Presque rien [Come Undone / Almost Nothing] - dir. Sébastien Lifshitz
Few films have succeeded in capturing what Sébastien Lifshitz's feature debut Presque rien (literally Almost Nothing, re-titled Come Undone in the U.S.) accomplishes in capturing clinical depression in all its ambiguousness. To grasp what Lifshitz captures can be a challenging endeavor, one which alluded me in early viewings of the film. Presque rien is not, by any means, a romantic summer love story between a pair of good-looking, scantilly-clad teenage boys, Mathieu (Jérémie Elkaïm) and Cédric (Stéphane Rideau), nor is it a love story at all. The central romance is fueled by displaced emotions and void-fillers for both boys. It's alienation, and not of the obvious gay breed, that brings them together and, ultimately, places them further way from what they truly yearn for. This is Presque rien's greatest deception.
Weaving three periods of Mathieu's life alongside one another, his disorder becomes apparent quickly, aligning his failed suicide attempt with the earliest moments of his fateful summer vacation. The vacation itself is just as facetious as the boys' romance. Instead of a typical relaxing holiday, the vacation for Mathieu and his irritable sister (Laetitia Legrix) is just a guise for getting their ailing mother (Dominique Reymond) away from Paris (and perhaps from her absent husband as well). Through the mother's suffering, an unnamable malady that sprung after she gave birth to a child riddled with cancer, the genetic disposition for Mathieu's depression is drawn out. He claims to not truly understand his mother's illness when mentioning it to Cédric, but a shot of Mathieu crying on the balcony suggests otherwise. His tears may come from the neglect that has resulted in his mother's condition, or more likely because he knows all-too-well what she's going through.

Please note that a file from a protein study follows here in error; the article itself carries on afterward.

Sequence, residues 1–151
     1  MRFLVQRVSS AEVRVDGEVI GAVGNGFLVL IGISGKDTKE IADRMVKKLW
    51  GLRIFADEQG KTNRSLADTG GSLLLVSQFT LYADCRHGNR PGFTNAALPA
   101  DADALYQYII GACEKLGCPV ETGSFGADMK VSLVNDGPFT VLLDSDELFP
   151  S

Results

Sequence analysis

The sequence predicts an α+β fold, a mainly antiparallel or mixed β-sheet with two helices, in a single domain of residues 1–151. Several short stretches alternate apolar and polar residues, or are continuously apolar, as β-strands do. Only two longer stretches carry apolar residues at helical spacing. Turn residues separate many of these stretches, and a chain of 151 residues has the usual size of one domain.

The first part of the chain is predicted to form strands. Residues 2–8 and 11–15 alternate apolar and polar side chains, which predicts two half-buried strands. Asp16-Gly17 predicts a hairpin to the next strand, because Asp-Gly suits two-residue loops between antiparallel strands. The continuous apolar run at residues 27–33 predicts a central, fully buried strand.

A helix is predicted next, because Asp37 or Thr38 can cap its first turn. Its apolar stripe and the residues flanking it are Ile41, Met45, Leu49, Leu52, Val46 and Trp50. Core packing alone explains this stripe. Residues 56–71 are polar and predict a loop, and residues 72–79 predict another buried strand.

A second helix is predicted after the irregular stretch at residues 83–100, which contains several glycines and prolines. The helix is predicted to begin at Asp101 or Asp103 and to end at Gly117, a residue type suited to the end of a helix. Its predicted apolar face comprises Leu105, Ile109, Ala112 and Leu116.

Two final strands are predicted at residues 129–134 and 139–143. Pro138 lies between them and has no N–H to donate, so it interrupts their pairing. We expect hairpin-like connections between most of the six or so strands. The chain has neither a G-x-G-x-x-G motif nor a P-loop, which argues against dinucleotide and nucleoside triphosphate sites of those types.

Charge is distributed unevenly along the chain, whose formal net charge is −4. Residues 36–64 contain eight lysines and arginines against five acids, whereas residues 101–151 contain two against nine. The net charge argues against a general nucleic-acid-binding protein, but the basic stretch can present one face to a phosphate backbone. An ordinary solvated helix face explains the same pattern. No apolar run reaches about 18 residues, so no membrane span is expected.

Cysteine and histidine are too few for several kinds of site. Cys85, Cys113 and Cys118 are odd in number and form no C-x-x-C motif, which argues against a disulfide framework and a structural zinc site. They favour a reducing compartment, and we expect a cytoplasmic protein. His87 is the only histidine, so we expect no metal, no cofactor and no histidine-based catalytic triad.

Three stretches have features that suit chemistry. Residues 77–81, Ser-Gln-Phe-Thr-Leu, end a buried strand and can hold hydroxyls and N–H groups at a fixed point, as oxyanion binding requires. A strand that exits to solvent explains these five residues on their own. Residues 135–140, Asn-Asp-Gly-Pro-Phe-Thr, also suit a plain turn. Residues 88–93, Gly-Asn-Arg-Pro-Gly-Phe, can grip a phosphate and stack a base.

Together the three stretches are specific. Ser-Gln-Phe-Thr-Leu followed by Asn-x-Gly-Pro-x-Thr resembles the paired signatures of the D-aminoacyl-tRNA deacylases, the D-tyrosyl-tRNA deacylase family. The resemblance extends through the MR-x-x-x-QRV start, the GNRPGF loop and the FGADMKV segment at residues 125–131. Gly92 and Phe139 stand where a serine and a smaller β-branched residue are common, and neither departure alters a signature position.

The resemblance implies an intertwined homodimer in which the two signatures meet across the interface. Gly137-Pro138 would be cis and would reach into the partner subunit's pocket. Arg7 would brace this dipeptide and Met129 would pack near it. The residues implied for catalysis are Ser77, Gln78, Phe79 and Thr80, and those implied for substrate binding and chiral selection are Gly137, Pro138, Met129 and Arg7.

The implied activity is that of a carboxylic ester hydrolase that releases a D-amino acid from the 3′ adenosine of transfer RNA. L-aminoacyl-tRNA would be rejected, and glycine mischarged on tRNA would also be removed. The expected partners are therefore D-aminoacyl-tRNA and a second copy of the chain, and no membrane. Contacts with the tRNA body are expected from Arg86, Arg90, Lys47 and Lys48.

Lifshitz's construction of Presque rien evades the narrative details of what leads Mathieu to attempt suicide, but his deterioration seeps through the carefully selected moments during that summer. He consistently fools himself in his relationship with Cédric, as Lifshitz never gives them common ground to justify their affair as being anything more than a distraction from their own longing. With the summer hours passing, Mathieu loses the spark in their relationship, as Cédric's past flings start to present themselves and as his sex drive begins to diminish.
All of Presque rien's narrative answers happen offscreen, leaving the audience with the aftermath. Suggestions to what drove the final wedge between the boys are given, but in the same way Mathieu attributes his mother's illness with the death of her baby son, this only provides the basest of reasoning for Mathieu's state of mind. Cédric admits a lapse in fidelity, which may or may not have been what pushed Mathieu to try to kill himself, but that could only been seen as the superficial catalyst. His sense of hopelessness was briefly diluted by his summer fling, but his inability to curb his depression with Cédric opened the void even further.
In many ways, Presque rien is the unmasking of fantasies. Its depiction of first love, depression and suicide are unglamorous and rid of inevitably sour nostalgia. Even for its characters, their attempts at evading truths about themselves foil in the end. Lifshitz, whom I've called the most criminally overlooked (or under-appreciated) filmmaker of the past decade, paints an unforgettable portrait of mental disorder, one that effectively gives no easy resolution. Presque rien is one of the few shining examples of astute post-New Queer Cinema film art and, without a doubt in my mind, one of the finest films of the past ten years.
With: Jérémie Elkaïm, Stéphane Rideau, Dominique Reymond, Marie Matheron, Laetitia Legrix, Nils Ohlund, Réjane Kerdaffrec, Guy Houssier
Screenplay: Stéphane Bouquet, Sébastien Lifshitz
Cinematography: Pascal Poucet
Music: Perry Blake
Country of Origin: France/Belgium
US Distributor: Picture This!
Premiere: 7 June 2000 (France)
US Premiere: October 2000 (Chicago International Film Festival)